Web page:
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TRC Book Club

Books: Why Not?

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Why Not? How to Use Everyday Ingenuity to Solve Problems Big and Small by Barry Nalebuff and Ian Ayres

As readers of their Forbes column know, Nalebuff and Ayres have a long history of suggesting quirky and unconventional ideas. In this book they show us how, with easy writing and plenty of examples. How do you ensure you don't forget your keys? Did you know a variation of the solution makes European hotels more energy efficient? Can you buy insurance to protect against a drop in your home value? How nice would it be if you didn't have to pay your mortgage for a month - especially when the shopping season depletes your wallet. How can you get your health insurance company to treat your life as if it were worth a million dollars? Sometimes the answers are real world solutions, sometimes they are simply interesting ideas. This is a book about problem solving - or as the authors put it, problem solving with a purpose. They want you to not only think in new ways, but also come up with solutions that could help society or seed new businesses. Their approach to problem solving is based on two perspectives: looking for problems in search of solutions, and solutions in search of problems.

Books: The Reluctant Mr. Darwin

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The Reluctant Mr. Darwin - An Intimate Portrait of Charles Darwin and the Making of His Theory of Evolution by David Quammen

On the evening of July 1, 1858, six scientific papers were read to the Linnean Society in London. One of them was an idea independently discovered by two authors, Charles Darwin and Alfred Russel Wallace. Neither author was there; the young man, Wallace, was in New Guinea collecting insects, while the older man, Darwin, was moaning the death of his young son at home. The idea, natural selection, had nearly zero impact and in the annual address given the following year, the president of the society said the past year hadn't seen "any of those striking discoveries which at once revolutionize" science. That was the official birth, 150 years ago, of the single biggest idea in the biological sciences.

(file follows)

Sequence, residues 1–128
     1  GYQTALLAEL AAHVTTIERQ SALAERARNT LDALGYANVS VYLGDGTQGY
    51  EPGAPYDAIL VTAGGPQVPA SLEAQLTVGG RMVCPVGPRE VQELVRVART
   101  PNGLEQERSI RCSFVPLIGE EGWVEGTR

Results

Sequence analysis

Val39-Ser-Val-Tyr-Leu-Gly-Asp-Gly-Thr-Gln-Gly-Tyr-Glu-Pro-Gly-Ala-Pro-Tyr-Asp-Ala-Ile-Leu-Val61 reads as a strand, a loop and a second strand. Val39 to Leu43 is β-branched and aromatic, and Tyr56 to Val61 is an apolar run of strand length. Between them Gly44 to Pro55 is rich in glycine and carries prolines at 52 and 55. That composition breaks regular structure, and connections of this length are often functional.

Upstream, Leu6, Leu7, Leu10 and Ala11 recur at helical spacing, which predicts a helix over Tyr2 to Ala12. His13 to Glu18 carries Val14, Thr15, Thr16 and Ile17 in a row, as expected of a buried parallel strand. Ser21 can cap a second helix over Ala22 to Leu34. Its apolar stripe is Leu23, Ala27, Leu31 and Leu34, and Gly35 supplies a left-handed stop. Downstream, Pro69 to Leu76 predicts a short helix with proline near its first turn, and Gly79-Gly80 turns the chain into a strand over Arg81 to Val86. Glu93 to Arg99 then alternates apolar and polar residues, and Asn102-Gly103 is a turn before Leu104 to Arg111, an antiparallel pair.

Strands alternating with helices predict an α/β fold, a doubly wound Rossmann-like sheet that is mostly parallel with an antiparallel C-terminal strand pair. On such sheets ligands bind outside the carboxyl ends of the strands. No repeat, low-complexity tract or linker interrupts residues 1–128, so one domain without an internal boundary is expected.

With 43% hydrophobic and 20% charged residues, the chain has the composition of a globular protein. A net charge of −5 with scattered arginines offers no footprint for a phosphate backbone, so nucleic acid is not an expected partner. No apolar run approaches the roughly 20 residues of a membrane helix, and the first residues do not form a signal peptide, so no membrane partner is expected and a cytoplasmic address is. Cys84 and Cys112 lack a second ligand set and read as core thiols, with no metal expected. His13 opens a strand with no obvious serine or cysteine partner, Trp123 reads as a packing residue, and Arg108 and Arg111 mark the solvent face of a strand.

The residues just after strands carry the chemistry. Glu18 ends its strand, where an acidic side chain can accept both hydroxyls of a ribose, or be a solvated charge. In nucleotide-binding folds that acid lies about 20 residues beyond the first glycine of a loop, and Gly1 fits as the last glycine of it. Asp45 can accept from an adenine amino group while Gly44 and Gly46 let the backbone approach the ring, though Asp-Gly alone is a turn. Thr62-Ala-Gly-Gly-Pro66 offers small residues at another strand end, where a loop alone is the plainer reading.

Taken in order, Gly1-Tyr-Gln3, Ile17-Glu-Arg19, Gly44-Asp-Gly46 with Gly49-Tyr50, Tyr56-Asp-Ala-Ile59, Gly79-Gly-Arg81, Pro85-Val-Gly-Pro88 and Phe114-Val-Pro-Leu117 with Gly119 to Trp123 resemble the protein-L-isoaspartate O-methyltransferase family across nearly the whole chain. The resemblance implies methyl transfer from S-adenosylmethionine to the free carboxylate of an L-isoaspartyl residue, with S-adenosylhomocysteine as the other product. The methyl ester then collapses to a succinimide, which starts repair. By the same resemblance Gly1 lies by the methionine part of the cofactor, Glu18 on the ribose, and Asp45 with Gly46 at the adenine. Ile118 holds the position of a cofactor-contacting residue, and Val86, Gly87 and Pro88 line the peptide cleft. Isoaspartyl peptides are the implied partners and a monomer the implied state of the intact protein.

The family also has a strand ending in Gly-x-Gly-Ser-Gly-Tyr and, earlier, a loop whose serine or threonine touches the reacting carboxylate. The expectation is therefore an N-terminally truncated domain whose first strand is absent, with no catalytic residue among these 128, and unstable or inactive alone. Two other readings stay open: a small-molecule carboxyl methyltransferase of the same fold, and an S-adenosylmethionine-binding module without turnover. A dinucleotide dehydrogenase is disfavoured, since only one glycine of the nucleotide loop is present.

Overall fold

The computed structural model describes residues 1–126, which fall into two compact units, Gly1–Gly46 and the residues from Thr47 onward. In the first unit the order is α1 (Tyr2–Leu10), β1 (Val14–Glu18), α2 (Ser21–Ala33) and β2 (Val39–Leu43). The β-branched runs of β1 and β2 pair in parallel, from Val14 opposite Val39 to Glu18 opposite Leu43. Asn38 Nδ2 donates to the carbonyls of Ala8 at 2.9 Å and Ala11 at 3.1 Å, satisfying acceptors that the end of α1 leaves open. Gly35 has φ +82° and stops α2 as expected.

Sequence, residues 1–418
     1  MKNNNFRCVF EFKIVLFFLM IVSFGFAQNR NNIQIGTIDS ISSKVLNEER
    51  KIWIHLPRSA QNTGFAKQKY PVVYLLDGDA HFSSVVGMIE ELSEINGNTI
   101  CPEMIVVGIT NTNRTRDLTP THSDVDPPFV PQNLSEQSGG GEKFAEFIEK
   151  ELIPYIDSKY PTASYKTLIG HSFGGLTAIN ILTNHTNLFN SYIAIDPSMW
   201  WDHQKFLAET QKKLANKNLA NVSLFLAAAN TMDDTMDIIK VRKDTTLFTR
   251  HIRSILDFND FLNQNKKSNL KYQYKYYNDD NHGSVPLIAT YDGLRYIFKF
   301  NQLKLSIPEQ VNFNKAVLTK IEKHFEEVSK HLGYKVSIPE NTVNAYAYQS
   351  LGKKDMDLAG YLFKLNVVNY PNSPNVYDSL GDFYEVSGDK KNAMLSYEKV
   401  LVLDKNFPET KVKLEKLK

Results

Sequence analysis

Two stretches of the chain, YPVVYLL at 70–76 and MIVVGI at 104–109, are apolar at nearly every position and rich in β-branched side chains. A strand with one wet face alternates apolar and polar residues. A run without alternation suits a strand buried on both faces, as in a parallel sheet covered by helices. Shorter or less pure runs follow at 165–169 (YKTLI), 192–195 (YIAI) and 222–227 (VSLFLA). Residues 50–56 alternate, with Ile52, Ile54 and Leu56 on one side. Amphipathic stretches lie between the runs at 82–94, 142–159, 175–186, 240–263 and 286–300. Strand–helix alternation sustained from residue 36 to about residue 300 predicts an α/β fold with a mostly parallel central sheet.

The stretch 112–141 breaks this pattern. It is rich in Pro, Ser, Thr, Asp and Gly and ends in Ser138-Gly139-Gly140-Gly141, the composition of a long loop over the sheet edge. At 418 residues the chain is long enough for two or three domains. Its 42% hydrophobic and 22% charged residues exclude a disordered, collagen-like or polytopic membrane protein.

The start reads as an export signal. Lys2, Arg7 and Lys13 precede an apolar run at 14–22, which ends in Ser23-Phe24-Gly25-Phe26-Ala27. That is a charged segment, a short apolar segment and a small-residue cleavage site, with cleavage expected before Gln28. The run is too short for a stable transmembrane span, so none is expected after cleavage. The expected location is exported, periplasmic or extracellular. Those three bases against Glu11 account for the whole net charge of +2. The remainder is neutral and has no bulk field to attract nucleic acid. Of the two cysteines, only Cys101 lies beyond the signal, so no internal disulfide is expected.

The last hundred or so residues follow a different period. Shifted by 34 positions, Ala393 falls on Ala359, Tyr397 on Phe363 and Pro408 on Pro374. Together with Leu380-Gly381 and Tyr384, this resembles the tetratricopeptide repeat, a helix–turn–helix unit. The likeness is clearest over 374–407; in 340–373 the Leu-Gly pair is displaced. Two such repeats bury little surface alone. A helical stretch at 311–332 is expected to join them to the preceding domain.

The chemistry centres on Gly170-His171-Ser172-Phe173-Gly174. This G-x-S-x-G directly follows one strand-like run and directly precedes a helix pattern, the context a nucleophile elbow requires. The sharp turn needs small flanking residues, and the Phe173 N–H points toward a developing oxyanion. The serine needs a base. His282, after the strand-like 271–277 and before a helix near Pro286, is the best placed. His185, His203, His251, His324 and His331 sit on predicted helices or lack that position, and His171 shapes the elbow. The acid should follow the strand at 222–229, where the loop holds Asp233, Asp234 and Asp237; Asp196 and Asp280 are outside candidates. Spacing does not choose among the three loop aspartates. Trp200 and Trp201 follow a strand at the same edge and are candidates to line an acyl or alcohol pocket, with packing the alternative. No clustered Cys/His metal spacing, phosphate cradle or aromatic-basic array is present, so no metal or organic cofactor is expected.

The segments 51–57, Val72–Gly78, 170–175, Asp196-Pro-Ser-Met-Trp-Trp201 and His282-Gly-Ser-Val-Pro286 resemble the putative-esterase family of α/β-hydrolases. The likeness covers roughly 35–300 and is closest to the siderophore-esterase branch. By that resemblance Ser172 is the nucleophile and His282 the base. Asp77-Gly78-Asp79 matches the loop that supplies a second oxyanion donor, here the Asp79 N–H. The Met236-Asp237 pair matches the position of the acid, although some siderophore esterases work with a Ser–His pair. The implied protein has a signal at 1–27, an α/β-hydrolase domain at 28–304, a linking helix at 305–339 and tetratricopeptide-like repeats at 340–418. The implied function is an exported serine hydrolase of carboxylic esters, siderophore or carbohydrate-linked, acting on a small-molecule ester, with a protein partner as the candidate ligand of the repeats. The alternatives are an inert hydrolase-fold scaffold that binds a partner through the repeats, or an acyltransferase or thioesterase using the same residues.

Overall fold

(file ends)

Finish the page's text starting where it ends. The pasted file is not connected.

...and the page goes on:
Guns, Germs and Steel

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Guns, Germs and Steel: The Fates of Human Societies, by Jared Diamond

Why did history unfold differently on different continents? Rather than point the finger at racial or ethnic differences to answer this question, Diamond focuses on environmental differences and proceeds to lay out a comprehensive case. Four sets of factors, he argues, contributed to the world as we see it today.

Books: Moneyball

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Moneyball: The Art of Winning an Unfair Game, by Michael Lewis

How did one of the poorest teams in baseball, the Oakland Athletics, win so many games? Fascinated by this question Lewis begins an investigation that takes him into an area of baseball that was shrouded in mystery about a decade ago. This was an area dominated by people who believed that to truly understand baseball you have to use numbers. Not just any number from a box score (such as an RBI) but those that were shown to be related to winning (such as on-base percentage).

Books: The Code Book

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The Code Book - The Evolution of Secrecy from Mary, Queen of Scots to Quantum Cryptography, by Simon Singh

If you have any interest in the history of codemaking and codebreaking (or more accurately ciphermaking and cipherbreaking ), this would be a great place to start. Singh begins with early codebreaking ingenuity such as the Caesar shift (yes, that Caesar) where alphabets are substituted for others, and the powerful technique of frequency analysis for breaking substitution ciphers.

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